The lack of women members of the religious congregation had drawn special scrutiny in recent years, as Vatican statistics estimate that there are about four times as many women in Catholic religious orders compared to men.
The Rome-based umbrella group of Catholic women religious, called the International Union of Superiors General and representing about 450,000 sisters and nuns, is known to have raised the issue.
Sr. Carmen Sammut, who stepped down from leadership of UISG earlier this year after serving two terms as its president, said while the religious congregation had included women religious in some of its deliberations in recent years, it was time for a wider systemic adjustment.
"The system had to change so that women will be named and be there by right," said Sammut, who leads the Missionary Sisters of Our Lady of Africa.
"This is a big step," she said. "It is important that women are there, for we usually bring what pertains to the daily living of the Gospel, the nearness to the poor and the excluded, our difficulties as women to be fully part of the local church sometimes."
"We thus enlarge the reflection and give it a dimension that men alone would not have," she said. "For me, it is of capital importance, not only for women, but for men and women, that all sit together at the same table of reflection."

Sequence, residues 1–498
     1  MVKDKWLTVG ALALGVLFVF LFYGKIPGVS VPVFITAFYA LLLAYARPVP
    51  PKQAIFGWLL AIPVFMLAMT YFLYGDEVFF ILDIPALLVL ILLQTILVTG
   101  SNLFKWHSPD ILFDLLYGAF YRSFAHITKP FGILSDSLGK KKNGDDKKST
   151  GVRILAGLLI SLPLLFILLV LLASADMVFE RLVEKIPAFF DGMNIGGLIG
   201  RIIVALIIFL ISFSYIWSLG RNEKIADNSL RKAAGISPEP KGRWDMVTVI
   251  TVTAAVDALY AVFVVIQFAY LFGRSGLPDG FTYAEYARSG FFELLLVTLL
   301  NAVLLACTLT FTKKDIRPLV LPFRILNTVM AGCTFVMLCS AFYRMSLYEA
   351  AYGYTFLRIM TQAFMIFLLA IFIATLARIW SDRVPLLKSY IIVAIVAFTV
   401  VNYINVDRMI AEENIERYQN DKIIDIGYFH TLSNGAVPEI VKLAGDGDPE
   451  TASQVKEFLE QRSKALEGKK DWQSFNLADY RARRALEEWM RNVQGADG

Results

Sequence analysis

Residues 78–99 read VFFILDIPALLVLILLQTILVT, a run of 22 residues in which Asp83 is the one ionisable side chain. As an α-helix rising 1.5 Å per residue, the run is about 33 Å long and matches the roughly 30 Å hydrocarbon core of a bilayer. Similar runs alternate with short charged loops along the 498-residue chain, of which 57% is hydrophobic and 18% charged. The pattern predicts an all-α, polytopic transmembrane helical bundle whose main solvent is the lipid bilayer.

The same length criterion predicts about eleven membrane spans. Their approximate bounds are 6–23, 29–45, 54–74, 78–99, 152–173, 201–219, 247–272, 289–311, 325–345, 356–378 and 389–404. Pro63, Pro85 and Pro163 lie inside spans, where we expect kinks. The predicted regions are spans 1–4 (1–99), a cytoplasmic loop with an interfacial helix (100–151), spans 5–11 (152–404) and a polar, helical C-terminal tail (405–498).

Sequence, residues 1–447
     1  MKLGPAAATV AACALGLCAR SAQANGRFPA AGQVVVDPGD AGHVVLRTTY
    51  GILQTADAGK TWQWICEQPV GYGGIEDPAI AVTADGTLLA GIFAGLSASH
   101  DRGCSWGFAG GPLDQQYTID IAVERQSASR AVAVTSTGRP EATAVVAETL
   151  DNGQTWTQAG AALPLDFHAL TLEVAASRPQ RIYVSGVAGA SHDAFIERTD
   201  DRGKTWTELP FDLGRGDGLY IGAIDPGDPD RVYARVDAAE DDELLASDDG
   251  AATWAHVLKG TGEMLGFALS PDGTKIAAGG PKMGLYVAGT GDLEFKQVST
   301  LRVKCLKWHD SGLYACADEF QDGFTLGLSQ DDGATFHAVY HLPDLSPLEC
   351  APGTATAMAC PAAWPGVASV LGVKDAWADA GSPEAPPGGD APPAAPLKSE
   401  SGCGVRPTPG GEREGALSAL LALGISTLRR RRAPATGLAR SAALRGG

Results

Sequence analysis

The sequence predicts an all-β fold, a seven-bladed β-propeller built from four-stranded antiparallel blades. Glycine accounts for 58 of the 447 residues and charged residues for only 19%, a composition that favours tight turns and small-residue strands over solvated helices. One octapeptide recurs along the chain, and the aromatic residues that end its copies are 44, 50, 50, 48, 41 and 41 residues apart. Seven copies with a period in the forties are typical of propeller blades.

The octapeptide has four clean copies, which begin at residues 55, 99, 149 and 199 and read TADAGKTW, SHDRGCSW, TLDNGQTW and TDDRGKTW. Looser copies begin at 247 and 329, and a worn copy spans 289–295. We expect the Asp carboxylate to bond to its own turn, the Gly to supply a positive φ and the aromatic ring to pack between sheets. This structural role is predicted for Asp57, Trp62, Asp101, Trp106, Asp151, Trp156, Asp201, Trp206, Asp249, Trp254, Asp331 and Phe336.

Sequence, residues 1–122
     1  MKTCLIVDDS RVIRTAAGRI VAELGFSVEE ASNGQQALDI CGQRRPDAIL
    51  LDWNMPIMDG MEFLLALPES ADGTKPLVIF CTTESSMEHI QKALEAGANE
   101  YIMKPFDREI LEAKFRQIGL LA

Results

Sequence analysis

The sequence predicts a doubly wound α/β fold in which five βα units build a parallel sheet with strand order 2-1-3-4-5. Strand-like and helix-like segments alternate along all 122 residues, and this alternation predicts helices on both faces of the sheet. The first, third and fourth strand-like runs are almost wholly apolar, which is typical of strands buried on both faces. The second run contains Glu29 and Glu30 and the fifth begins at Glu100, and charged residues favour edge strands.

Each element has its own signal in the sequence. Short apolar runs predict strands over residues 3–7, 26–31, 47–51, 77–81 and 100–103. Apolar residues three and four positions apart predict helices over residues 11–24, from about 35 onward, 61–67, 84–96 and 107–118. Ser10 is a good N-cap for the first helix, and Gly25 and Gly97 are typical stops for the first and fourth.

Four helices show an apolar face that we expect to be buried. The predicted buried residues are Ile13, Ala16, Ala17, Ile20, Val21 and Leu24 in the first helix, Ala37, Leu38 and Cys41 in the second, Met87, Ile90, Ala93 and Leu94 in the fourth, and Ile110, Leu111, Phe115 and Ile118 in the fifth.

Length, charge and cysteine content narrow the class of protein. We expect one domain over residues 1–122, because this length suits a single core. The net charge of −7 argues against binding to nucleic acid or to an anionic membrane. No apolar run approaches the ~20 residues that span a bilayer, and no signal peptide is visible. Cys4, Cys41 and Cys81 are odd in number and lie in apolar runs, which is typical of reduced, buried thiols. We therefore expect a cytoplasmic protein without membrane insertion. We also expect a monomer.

Holland called the appointments to the religious congregation "very useful," as "women religious know their life better than others can."
"The appointment of these women as 'full members' means that they are equal members, with the right to vote," she said. "They are not simply auditors or persons consulted."
Catherine Clifford, a theologian at St. Paul University in Ottawa, Canada, said Francis' appointments represented a notable advancement for the Catholic Church.
Clifford, who has focused her research on the teachings and interpretation of the Second Vatican Council, noted that the women who served as non-voting auditors at the 1962-65 council were denied the opportunity to contribute to the crafting to its decree on the renewal of religious life, Perfectae Caritatis.